Finally, check out the new animated webseries from ENWorld called “The Perturbed Dragon.” The prologue is currently up for your viewing pleasure.

Blast From The Past (Weekly Roundup: Who Wins The Free Book Edition)

The Hopeless Gamer had an amazing guest post detailing how to make a ravine for your miniature game terrain.  Say it with me: Arts…..And…..Crafts!!!

Weekly Roundup: How We Find Our Articles Edition

We’ve been doing a weekly roundup for over six months now.  Some of you may be wondering, how do they find the blog articles for the Roving Band of Misfit’s Weekly Roundup?  Or maybe not.  Either way, we’re going to tell you.  There are several sources we have for articles:

  1. Twitter.  If someone we follow Tweets an interesting article, we give it a look.
  2. 4eblogs.com.  There’s no archive on this site, so if we don’t notice something in the first few days, we generally don’t notice it.  Also, the list of contributors to that site is short, and we like to keep the articles diverse.  So we don’t lean too heavily there.
  3. RPGbloggers.com.  As to the number of contributors, completely the opposite of 4eblogs.  Sometimes a single day’s worth of blog posts goes on for a few pages.  As to the amount of posts we have to sift through to find an interesting, relevant article… also the opposite.  We generally scan the headlines, and if something grabs our interest, we’ll read the article.  Since this site does have an archive, we can go back over the week’s blog postings at our leisure.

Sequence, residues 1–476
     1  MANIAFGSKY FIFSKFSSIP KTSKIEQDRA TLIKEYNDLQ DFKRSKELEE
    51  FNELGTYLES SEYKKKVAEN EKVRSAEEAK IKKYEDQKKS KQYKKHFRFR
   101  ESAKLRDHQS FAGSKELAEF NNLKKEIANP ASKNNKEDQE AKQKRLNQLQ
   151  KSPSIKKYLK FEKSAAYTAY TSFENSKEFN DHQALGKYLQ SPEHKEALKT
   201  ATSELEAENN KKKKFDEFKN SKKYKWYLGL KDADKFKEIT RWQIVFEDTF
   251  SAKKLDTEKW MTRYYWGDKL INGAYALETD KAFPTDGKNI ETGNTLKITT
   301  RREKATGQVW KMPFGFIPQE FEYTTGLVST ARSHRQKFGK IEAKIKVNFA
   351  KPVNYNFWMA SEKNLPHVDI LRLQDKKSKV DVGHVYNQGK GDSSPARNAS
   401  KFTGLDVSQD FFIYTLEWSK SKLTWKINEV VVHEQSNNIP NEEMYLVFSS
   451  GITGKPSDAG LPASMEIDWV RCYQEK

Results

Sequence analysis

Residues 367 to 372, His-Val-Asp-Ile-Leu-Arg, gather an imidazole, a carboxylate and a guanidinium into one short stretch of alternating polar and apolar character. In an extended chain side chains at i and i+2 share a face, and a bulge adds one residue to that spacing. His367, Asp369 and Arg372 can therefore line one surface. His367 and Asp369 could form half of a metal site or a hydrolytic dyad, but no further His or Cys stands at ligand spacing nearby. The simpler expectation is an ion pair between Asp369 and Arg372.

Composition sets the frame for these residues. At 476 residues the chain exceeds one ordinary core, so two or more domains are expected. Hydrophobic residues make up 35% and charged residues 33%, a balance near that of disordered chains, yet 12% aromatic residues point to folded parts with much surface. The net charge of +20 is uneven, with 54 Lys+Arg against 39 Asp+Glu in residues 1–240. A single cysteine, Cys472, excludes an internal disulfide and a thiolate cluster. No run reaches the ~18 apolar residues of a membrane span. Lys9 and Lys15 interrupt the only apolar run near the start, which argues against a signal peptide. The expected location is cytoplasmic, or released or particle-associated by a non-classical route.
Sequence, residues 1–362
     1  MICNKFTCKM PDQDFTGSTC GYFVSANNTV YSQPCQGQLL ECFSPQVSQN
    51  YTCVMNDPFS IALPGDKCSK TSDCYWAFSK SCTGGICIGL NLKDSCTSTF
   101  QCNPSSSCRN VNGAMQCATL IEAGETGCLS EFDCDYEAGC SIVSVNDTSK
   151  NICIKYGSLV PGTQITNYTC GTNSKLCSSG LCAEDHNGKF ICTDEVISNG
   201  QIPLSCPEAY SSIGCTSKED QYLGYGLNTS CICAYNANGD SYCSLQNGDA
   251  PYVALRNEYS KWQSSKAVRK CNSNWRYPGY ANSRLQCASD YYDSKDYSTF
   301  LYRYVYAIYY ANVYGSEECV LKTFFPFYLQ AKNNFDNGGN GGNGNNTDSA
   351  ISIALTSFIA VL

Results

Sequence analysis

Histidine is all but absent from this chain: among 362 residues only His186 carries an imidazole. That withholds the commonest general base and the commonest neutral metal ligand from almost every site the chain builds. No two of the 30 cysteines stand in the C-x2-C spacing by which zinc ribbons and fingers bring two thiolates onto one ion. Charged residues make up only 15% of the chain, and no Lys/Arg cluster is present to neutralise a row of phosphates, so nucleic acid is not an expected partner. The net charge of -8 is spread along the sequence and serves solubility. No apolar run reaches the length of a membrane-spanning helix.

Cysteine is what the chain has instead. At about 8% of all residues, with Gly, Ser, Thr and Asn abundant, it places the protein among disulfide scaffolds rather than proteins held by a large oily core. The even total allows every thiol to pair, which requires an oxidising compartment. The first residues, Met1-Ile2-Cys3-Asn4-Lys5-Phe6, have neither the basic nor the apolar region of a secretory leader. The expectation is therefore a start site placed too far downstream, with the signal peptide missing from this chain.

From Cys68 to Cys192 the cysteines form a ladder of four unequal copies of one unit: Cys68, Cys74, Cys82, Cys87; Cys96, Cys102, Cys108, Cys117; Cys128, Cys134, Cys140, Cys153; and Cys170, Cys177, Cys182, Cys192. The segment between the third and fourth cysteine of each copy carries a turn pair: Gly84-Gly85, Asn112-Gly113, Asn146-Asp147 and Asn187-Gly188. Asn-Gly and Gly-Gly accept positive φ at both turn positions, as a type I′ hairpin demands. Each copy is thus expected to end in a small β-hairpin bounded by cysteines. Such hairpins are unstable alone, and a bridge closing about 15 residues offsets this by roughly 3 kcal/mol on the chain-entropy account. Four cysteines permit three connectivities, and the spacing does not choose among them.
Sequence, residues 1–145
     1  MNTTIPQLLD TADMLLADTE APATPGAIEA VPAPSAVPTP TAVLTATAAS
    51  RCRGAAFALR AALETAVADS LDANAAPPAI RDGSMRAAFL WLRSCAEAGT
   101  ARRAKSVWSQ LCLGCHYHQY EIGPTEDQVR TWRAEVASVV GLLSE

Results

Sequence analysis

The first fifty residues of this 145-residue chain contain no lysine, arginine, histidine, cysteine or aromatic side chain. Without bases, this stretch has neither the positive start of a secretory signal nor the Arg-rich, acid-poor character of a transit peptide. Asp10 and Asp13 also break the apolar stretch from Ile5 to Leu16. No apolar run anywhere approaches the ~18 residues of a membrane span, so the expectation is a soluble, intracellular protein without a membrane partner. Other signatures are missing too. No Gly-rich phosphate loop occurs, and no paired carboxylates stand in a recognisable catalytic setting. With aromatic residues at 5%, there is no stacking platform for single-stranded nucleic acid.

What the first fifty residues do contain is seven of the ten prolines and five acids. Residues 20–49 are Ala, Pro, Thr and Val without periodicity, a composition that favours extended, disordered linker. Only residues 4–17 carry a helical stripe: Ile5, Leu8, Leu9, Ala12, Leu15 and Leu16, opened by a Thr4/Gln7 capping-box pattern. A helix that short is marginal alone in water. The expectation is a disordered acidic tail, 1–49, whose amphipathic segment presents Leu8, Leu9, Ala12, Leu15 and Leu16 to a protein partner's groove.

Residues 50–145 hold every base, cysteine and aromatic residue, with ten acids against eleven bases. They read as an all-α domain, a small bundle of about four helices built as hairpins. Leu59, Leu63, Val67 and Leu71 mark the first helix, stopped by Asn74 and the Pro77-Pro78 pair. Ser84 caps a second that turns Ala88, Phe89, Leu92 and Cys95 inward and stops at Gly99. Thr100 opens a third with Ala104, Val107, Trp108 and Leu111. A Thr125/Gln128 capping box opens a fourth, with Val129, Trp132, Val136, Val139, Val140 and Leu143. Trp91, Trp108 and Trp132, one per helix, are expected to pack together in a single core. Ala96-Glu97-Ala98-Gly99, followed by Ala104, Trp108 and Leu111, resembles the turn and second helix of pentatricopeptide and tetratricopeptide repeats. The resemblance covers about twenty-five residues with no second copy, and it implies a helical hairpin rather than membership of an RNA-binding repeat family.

Next time, we’ll discuss how we pick articles, and what causes something to catch our eye.  But for now, some articles!

Paul from Blog of Holding posted an amazing graphic depicting all the monsters in MM1 by level and environment.  We can’t imagine how much time this took…

Dread Gazebo posted a homebrew skill specialization system for 4e that we really like.  Be sure to give him feedback (positive or negative) so he can refine the rules.

Every month, Wastex Games has been hosting a contest on their blog.  For May, the contest was “Tribes of the Land” where entrants were challenged to come up with a unique tribe of monsters.  We especially liked Wes Hall’s entry, which was presented this week: The Stone Raiders, a tribe of Cockatrice riding Goblins.  No, you read that right.